Secondly, the notion that land freed up from livestock production will remain lovely, edenic natural space, like a park, totally benign to human society and available to grow vegetative food for huge increases in human population, is unfortunately not true. Nature still abhors a vacuum. When you take domestic animals off the land, it will fill up with wild animals and sooner or later you will have to deal with them. In my youth, the land in my neighborhood was fully stocked with farm animals. I had an uncle who bragged that his farm was so efficient that there was not even a rabbit on it to hunt. There was not a deer to be seen in the whole county. Now deer and many other wild animals proliferate. For awhile we enjoyed their presence and their beauty. Then they don’t stay in their lovely wild garden of Eden. They come after our crops, our gardens, our ornamental plantings, our lawns, our parks, our golf courses and even our woodland, eating every tree seedling and wild flower that comes up because they are half starved. And if they have not come after yours yet, believe me, they soon will. Deer (and wild turkeys and Canada geese, among others), are invading even towns and cities, crashing through windows and killing themselves and humans in auto accidents. To keep deer in their wild Eden would require a fence ten feet tall and thousands of miles long, an impossibly expensive solution to the problem. Then if their populations were not kept in check, they would start starving to death penned inside their Eden.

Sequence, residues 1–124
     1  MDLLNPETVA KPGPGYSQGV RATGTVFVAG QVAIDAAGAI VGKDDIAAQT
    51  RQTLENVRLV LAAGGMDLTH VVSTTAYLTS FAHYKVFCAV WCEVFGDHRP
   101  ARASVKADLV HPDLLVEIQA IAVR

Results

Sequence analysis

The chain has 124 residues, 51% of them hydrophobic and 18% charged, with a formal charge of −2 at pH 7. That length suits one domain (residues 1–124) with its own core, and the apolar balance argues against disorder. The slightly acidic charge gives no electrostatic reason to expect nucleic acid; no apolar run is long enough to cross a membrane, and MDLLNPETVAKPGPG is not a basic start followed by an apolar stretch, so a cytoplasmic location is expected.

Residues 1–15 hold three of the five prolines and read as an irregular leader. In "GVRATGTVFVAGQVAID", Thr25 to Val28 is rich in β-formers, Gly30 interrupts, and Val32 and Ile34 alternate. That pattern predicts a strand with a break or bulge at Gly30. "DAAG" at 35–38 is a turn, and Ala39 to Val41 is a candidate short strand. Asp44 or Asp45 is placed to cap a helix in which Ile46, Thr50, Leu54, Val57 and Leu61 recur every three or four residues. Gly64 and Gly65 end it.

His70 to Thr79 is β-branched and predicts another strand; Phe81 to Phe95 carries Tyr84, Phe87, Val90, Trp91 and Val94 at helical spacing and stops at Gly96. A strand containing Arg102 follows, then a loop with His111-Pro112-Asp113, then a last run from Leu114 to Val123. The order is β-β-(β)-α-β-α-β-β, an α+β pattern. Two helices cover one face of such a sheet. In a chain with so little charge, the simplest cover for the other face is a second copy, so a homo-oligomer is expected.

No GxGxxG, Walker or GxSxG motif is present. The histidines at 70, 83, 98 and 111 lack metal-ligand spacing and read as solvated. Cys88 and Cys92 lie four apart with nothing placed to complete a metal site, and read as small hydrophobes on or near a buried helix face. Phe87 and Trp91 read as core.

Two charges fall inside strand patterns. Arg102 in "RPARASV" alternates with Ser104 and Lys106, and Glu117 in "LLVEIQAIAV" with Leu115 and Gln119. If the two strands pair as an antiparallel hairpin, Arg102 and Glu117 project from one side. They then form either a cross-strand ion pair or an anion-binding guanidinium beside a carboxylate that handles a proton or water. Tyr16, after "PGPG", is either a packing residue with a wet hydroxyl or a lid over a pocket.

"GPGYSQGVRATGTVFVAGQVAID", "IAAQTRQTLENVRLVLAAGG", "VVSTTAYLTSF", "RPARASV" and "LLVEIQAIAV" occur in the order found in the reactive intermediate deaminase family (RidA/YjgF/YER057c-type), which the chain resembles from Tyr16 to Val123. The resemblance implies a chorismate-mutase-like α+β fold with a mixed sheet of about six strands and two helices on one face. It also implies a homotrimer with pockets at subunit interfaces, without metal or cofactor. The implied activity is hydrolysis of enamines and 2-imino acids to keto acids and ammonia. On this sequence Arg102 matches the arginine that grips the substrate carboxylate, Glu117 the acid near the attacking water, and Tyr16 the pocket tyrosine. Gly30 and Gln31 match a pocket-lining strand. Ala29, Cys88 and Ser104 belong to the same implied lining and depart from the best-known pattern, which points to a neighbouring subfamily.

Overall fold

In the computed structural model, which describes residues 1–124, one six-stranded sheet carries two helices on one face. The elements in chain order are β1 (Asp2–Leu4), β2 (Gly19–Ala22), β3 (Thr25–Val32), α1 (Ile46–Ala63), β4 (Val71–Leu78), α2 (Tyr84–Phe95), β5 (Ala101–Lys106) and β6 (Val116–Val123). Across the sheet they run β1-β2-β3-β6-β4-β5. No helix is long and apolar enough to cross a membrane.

Nature has a way of handling overpopulation. A disease is killing white-tailed deer in some areas, for example. Distemper decimates raccoon populations periodically. But such measures are too few and far between to solve the problem and that’s not the point here. Rather, ask yourself: which is more “humane:” killing animals for food or letting them overpopulate, destroy vegetation needed by other forms of life, and then starve or die of some disease anyway. Or averting that, after the deer get too old to run fast, they get pulled down and their guts ripped out by dogs whose owners while often berating those of us who kill and eat meat, won’t keep them restrained on their own property.
Gene and Carol Logsdon have a small-scale experimental farm in Wyandot County, Ohio.
Gene is author of The Mother of All Arts: Agrarianism and the Creative Impulse (Culture of the Land) and The Last of the Husbandmen: A Novel of Farming Life
Images Credit: © Firea | Dreamstime.com